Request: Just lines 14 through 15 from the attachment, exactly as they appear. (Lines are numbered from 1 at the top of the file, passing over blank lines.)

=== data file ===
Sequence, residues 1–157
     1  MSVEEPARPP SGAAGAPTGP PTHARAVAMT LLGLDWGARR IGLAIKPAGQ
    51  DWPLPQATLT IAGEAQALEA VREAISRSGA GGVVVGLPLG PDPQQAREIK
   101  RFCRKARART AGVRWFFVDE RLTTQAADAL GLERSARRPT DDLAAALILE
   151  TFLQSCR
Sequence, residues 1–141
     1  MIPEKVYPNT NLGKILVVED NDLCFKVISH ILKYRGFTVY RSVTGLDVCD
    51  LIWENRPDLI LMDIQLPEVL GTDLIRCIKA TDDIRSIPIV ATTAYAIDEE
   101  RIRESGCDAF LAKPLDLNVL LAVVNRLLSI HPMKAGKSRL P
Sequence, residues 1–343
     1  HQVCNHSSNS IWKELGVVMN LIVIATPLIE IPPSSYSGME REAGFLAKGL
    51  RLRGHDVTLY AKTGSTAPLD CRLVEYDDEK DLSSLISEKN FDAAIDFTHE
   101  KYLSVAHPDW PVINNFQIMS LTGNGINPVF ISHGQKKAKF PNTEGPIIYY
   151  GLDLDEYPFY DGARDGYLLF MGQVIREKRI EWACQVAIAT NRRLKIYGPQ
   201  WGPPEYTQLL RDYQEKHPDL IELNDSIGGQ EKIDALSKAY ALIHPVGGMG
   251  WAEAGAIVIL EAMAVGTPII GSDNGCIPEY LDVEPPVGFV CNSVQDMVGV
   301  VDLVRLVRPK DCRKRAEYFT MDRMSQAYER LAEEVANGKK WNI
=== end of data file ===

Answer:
   151  GLDLDEYPFY DGARDGYLLF MGQVIREKRI EWACQVAIAT NRRLKIYGPQ
   201  WGPPEYTQLL RDYQEKHPDL IELNDSIGGQ EKIDALSKAY ALIHPVGGMG